That’s a wrap!

Imagine the largest gift you ever wrapped for Christmas, like a big screen TV or a bicycle. Now imagine a gift the size of a one and a half story building. Imagine wrapping it in a wind storm. That’s what it feels like to Tyvek-wrap a tiny house!

Where's the bow?
Where’s the bow?

Tyvek or other house wrap (like old-school tar paper or roofing felt) is a necessary moisture barrier that prevents liquid water from penetrating in the plywood/insulation, but allows water vapor to escape out. You wrap from the bottom up in overlapping courses which you affix with roofing nails or staples and then tape the seams. You have to cut around bumps and protrusions like the wheel wells and the roof beam.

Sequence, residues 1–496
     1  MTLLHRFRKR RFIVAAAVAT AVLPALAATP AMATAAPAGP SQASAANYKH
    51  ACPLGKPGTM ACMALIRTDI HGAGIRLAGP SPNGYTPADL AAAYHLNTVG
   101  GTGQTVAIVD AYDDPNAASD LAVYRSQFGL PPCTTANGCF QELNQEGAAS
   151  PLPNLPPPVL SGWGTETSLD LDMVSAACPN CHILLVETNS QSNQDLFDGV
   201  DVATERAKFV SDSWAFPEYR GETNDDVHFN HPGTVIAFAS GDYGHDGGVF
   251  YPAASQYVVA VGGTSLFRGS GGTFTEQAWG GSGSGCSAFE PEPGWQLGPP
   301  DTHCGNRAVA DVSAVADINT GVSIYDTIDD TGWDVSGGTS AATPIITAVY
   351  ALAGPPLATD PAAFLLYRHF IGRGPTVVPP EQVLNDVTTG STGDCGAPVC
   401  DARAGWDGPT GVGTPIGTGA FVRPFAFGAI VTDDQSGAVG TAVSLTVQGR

Measuring a slot for the roof beam on the top course
Measuring a slot for the roof beam on the top course

My dad, Brooke and I got suckered into a false sense of superiority by an easy first day where we got the first four courses up and taped. All that was left were the thin triangular top bits on the long sides and closing in the wheel wells – how hard could that be? Very hard actually. I’m sure that the installation instructions mention somewhere not to wrap on a windy day and sure enough yesterday got very breezy, so it took all day to finish the last parts. At times I felt like Christo!

Don't let the Tyvek unroll in the breeze!
Don’t let the Tyvek unroll in the breeze!
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